Six LDS Writers and A Frog

Thursday, May 11, 2006

Would You Like Fries With That?

by Julie Coulter Bellon

I read two books this week, and after reading Rob's post I think I won't mention their titles because I'm going to say something negative about one of them. The one thing that bothers me in LDS fiction is the proper use of setting. Setting, you ask? Isn't that just describing the background of the scene? Yes and no. When setting is done right, it is seamless, it adds to the book, plot, or character and isn't distracting. When it is done wrong, you want to poke your eyes out with a pencil just so you don't have to read anymore.

For example, in the one novel I read, the author felt it necessary to describe every single, teeny, tiny detail including dust particles in the air, gleaming in the sunlight, the grain of the wood in the table and swirls it made, the cracks in the asphalt as the character walked. It was very distracting, dragged down the story, and made me want to just skim over it. Not something you want your readers to do. In fact, I was very surprised that any publishing company would publish something that was so obviously in need of an editor. However, it could also be a matter of preference. Maybe some people really LIKE to know all the about wood grain and asphalt cracks. I'm just not one of those people. In my mind, details should further the story not drag it down. It's like when you're having a conversation with someone and they're telling you the story, but they get bogged down with, "I think it happened right over near White Avenue, no, wait, maybe it was Poppy Lane. Oh, I know, it was that little side street right off Toony Drive," and you are listening and thinking, it doesn't really matter does it? I want to hear the story. That's how I felt when I was reading the novel, that the author had spent so much time on the details and getting sucked into the setting that the story was completely lost.

The other novel I read used setting to add flavor to the characters and color to the book. The author knew how to strike that fine balance and I found myself identifying with familiar landmarks and easily able to imagine the characters and what was around them. It was in the background, and instead of detracting from the story, it added that extra oomph to make it more real for me as a reader. I loved that! I think that it is an art to find that balance. Whether or not an author nails that balance is really easy to spot in historical fiction. A good author weaves the history in with the characters and makes it part of them and their lives. An inexperienced author lays out all the history in practically a monologue or history lesson, then gets on with the story. How much better is it for the reader to actually live the history through a character's eyes and have it come alive instead of skimming over the "boring" parts to get to the story? That's what I'm talking about. The setting should be a part of the characters and the story, but it's not obvious and overbearing when done right.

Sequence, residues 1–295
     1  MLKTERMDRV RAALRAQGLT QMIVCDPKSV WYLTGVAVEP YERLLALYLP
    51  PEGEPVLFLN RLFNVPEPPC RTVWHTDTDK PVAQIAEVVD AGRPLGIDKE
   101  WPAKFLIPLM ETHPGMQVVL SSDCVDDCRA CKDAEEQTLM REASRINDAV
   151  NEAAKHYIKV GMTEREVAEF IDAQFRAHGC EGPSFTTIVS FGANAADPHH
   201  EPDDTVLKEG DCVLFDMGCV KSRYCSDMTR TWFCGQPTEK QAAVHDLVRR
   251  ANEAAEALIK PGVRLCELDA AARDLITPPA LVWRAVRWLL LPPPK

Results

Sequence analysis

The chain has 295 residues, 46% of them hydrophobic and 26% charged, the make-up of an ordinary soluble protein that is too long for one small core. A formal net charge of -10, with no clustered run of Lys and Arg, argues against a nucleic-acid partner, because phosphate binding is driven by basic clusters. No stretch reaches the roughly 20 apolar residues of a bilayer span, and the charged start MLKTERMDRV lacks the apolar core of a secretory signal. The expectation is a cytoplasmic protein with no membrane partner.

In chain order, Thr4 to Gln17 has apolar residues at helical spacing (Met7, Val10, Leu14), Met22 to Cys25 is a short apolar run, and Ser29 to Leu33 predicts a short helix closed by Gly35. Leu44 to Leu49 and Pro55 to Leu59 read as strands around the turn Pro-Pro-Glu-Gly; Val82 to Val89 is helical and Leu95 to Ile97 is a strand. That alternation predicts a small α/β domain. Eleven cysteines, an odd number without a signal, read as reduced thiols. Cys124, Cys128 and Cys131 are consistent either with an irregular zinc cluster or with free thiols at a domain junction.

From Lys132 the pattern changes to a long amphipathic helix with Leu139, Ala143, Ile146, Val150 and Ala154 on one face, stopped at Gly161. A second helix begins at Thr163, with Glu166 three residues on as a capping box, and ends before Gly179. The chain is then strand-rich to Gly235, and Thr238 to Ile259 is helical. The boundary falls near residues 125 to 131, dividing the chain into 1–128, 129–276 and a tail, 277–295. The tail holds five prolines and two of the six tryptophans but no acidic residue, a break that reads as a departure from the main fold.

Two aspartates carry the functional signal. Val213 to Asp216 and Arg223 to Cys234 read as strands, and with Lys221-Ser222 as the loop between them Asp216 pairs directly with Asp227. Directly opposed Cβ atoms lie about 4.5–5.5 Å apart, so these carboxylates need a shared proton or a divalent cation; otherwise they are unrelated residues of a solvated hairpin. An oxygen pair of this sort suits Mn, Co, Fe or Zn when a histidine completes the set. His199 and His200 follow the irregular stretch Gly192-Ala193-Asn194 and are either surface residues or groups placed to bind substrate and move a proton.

Can an author use a setting if they've never actually been there or experienced it for themselves? I think so. In my second book, On the Edge, it's set in Africa and Greece. I'd been to Greece, but I'd never been to Africa. However, I had done an extensive research project on this particular part of Africa and I had learned quite a bit about the people, the culture, and the country. I didn't actually know if it was what I wanted it to be until a reviewer said that the setting was particularly well done and she doesn't give praise lightly. I was also proud of the fact that it was an international book, set somewhere else other than Utah because frankly, in my opinion, the Utah setting is getting extremely overdone. You'd think nothing exciting ever happened outside of Utah. That's part of the charm of one of my favorite authors, Betsy Brannon Green, is that her books are set in Georgia and she uses the setting to add to the unique southern flavor of her characters.

So if you are a reader that LOVES all the extras–you know what I mean, do you want extra fries with that? You could Super-size it for only 49 cents more—then you probably love all the extra details of uniform nametags, how the large fast food ovens work, what hot dogs are really made of, not to mention the gleaming dust particles in the air. If you are that sort of person, I definitely have a book recommendation for you. But in an effort to save my own sanity (and my eyesight) I think I will just say no.


At 5/12/2006 12:08 AM, Anonymous Jennie said...

Julie, you must have just read the same annoying book I recently read. Every scene started out like a play director was arranging the set. As for dust particles, arranging bathroom mats, and general set trivia, please spare me the details. Sadly, it's not only endless, useless setting trivia, there's more than one author out there pouring on the purple prose with persimmon sunsets and pale orange, ice cream-colored skies. I like adjectives and like to see a few more of them than adverbs, but used to excess they turn an otherwise fine scene into silly gibberish. Overdone descriptions are as bad or worse than underdone ones. At least sparse descriptions credit the reader with an imagination.

At 5/15/2006 12:20 PM, Blogger Julie Coulter Bellon said...

So very true, Jennie. It's disappointing when setting can truly balance and add to a book and its characters, making it memorable for something other than cinnamon-colored skies and the like.


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